In the highly competitive preschool space, where global demand for cross-platform content that entertains and educates continues to grow, kidcasters are increasingly looking at new concepts that best reflect the changing needs of today’s early learners and their parents.
For Nickelodeon, which has maintained a legacy of delivering high-quality preschool shows (Blue’s Clues, Dora the Explorer) driven by engaging characters, stories and interactivity, its 2014/15 season is notably significant.
It marks Nick’s biggest ever in terms new content production across multiple platforms, demos and genres. And the kidsnet is zeroing in on its youngest viewers with particular vigor. Stateside, more than 100 episode premieres are lined up for the channel’s preschool block, from a bevy of brand-new animated series including Wallykazam!, Dora spin-off Dora and Friends: Into the City!, Blaze and the Monster Machines, Shimmer & Shine and Fresh Beat Band of Spies. (Also on-deck are a whack of new eps from current preschool series such as PAW Patrol, Bubble Guppies, Dora the Explorer, Peter Rabbit and Team Umizoomi.)
“Two years ago we made a decision to increase our pipeline by developing and producing more content than ever before, and now we are seeing the fruits of our labor,” says Teri Weiss, EVP of production and development for Nickelodeon Preschool. “With every market, there is more content and stronger worldwide competition than ever, especially in the preschool space. So it’s crucial that we cut through the clutter and remain best-in-show for kids content.”
A big reason for Nickelodeon’s success with preschoolers is its ongoing commitment to research and curriculum diversification. Among its new shows, Wallykazam! is Nick’s first literacy-themed series. Blaze and the Monster Machines is billed as the first preschool show dedicated to all aspects of STEM (science, technology, engineering and math). Dora and Friends: Into the City!, meanwhile, examines social-emotional skills like community service and peer relationships. Shimmer & Shine stresses learning from mistakes in its emotional-intelligence curriculum, while Fresh Beat Band of Spies teaches problem-solving.
“What we bring is the strength of our characters and storytelling, combined with a really unique way to approach the curriculum of each show, and integrate it in a way that feels very organic. This is our domestic and global challenge,” says Weiss.
She points to Wallykazam! and Blaze and the Monster Machines as great examples of how Nick is integrating curriculum in new ways. For both series, in fact, Nickelodeon took its usual storybook episode-testing and curriculum consultations a step further.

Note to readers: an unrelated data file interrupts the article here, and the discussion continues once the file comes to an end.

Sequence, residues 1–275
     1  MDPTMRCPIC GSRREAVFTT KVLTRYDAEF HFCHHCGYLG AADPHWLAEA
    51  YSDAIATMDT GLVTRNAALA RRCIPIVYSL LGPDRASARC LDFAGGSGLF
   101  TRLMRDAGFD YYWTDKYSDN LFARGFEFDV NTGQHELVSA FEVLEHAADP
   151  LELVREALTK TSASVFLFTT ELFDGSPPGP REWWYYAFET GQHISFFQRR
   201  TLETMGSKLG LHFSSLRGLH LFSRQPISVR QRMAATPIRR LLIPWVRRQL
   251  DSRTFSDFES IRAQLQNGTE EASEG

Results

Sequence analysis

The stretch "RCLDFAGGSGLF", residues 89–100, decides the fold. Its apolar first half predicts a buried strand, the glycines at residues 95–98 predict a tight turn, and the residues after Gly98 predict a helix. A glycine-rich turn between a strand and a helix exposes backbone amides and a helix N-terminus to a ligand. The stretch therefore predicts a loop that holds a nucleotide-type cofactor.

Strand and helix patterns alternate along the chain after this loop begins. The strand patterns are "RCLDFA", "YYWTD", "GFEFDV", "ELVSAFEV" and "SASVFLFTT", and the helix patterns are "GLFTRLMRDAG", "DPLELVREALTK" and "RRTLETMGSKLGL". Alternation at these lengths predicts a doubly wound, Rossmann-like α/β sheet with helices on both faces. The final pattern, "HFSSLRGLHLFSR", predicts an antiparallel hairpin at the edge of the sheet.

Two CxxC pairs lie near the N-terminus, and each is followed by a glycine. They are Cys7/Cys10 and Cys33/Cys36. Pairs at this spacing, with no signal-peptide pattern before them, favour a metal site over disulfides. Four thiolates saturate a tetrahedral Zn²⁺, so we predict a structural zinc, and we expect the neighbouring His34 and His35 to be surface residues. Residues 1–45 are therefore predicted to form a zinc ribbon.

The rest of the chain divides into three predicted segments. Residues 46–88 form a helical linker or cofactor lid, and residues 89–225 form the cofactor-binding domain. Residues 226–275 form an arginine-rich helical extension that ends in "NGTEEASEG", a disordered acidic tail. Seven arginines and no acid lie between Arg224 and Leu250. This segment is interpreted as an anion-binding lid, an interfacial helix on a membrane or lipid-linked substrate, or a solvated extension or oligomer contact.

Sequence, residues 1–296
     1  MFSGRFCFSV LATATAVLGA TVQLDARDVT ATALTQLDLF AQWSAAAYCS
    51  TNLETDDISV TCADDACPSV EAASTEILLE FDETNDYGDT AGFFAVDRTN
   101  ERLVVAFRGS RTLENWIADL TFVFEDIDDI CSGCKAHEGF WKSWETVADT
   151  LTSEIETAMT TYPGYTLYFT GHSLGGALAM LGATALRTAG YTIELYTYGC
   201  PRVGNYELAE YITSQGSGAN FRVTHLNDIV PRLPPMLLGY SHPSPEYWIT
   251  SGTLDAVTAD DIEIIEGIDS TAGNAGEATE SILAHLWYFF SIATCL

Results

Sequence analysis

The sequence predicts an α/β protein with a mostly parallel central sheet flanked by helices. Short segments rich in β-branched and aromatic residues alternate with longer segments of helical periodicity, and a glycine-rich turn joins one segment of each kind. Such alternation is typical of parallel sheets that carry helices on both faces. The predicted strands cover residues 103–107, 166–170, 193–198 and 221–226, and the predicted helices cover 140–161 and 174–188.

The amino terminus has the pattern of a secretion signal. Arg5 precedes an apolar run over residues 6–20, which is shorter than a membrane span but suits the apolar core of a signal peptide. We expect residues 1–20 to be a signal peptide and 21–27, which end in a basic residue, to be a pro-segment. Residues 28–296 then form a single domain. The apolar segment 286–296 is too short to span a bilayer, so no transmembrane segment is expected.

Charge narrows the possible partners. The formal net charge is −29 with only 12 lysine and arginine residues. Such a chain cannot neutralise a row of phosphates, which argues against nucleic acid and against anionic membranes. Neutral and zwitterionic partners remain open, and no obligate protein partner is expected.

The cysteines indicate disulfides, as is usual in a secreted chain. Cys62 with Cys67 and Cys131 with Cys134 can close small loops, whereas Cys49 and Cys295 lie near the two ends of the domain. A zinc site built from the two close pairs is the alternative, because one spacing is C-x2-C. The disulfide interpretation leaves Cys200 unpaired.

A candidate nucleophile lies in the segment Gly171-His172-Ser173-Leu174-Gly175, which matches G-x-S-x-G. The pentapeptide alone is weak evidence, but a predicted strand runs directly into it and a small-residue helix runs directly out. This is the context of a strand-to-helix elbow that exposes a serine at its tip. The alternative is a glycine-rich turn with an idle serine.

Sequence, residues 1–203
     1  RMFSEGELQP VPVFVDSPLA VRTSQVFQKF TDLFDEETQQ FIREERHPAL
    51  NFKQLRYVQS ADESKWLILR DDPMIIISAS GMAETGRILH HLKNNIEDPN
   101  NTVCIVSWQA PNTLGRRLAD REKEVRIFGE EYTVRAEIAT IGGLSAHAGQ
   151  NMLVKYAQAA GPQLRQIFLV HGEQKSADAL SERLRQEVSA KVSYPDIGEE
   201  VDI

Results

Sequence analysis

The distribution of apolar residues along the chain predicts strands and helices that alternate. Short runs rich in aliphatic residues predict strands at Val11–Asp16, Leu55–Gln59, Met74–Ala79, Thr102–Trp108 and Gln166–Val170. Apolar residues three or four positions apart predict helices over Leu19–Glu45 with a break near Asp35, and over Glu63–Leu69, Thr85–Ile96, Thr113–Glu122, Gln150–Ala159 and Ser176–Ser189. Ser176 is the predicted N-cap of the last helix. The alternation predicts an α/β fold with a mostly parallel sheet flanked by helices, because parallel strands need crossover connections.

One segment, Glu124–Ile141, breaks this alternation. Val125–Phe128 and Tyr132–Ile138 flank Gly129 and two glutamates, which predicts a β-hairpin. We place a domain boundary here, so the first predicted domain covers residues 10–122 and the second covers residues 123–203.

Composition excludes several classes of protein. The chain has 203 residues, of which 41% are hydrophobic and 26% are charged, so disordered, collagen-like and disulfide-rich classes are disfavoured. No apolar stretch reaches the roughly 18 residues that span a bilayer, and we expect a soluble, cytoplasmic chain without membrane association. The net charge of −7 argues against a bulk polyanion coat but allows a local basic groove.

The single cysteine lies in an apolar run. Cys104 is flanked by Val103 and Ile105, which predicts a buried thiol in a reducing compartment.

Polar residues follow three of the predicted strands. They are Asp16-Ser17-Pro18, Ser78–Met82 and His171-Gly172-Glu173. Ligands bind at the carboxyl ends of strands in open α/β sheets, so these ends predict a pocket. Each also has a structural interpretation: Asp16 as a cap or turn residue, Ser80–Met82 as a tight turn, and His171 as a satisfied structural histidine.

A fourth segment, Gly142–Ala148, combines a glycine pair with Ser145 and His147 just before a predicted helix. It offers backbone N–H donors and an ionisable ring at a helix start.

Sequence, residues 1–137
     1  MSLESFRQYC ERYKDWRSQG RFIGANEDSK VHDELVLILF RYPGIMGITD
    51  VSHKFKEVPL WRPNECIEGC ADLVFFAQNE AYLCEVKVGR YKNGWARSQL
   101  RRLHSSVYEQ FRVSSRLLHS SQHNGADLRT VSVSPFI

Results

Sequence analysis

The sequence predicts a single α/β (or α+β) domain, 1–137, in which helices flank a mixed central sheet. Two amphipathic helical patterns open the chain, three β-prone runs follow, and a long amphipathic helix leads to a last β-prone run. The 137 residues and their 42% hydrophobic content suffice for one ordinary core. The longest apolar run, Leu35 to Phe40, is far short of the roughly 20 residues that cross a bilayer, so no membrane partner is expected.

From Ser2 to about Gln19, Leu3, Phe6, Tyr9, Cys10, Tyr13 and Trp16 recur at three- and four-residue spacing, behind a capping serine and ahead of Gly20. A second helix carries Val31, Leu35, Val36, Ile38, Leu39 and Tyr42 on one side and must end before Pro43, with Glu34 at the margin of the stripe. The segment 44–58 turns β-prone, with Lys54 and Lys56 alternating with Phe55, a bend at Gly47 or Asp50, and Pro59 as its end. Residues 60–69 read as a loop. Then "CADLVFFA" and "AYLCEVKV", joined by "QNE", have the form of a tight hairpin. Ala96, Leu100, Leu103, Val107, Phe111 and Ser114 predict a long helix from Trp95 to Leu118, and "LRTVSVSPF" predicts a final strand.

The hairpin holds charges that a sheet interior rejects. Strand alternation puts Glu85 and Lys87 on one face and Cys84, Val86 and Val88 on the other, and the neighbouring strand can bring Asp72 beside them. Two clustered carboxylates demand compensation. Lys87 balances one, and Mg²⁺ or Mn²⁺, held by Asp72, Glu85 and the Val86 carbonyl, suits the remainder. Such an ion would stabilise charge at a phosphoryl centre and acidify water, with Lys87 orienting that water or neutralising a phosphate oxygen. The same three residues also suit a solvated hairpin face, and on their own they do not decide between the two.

“In addition to educational consultants, we started to integrate preschool and kindergarten teachers into our collective group for feedback, which was tremendously helpful. They could really identify what kids are struggling with and the things they are interested in/responding to,” says Weiss.
To ensure STEM concepts in Blaze would resonate with its youngest audience, for example, Weiss says Nick paid special attention to visual and musical cues. “When you talk about force, adhesion and inertia, they can be very heady concepts. But because we have the ability to demonstrate them visually by showing vehicle impact, or the way car suspension works, it helps get the difficult concepts across more easily,” she says. The use of catchy songs is also a good method to help kids define scientific terms, she adds. “If kids can recite the songs in their heads, the science will stick. Repeat viewing is really important, too.”
So far, Nick’s 2014/15 programming strategy for preschool is paying off. As of April, its preschool block’s year-to-date average sat at 4.9 for kids ages two to five on US television—an 11% increase versus the same period a year ago, according to Nielsen ratings.
PAW Patrol and Wallykazam! also filled the number- one and two spots, respectfully, as the top-rated preschool shows for kids ages two to five on all US cable TV for the same period.
As new shows continue to roll out (Dora and Friends in late summer, Blaze this fall, Shimmer & Shine and Fresh Beat Band of Spies in 2015), Weiss says the future is bright for Nick’s preschool production, noting the importance of cultivating talent internally and identifying new talent outside the network through its Nick Jr. animated shorts program.
“Our success rate for developing preschool series out of our shorts program has been terrific, and we’ll soon be able to showcase shorts on the Nick Jr. App, giving us another great opportunity to expose talent,” says Weiss.
The Nick Jr. App, originally slated to launch in the US this spring, is now expected to debut this fall, according to Nickelodeon’s SVP of digital Matthew Evans. “It gives us a better opportunity to launch with our upcoming new shows like Dora and Friends,” he says. “And it gives us extra time to ensure we will have double the amount of interactive activities and more original content. It will ultimately be a stronger experience for our audience and better reinforce our focus on curriculum.”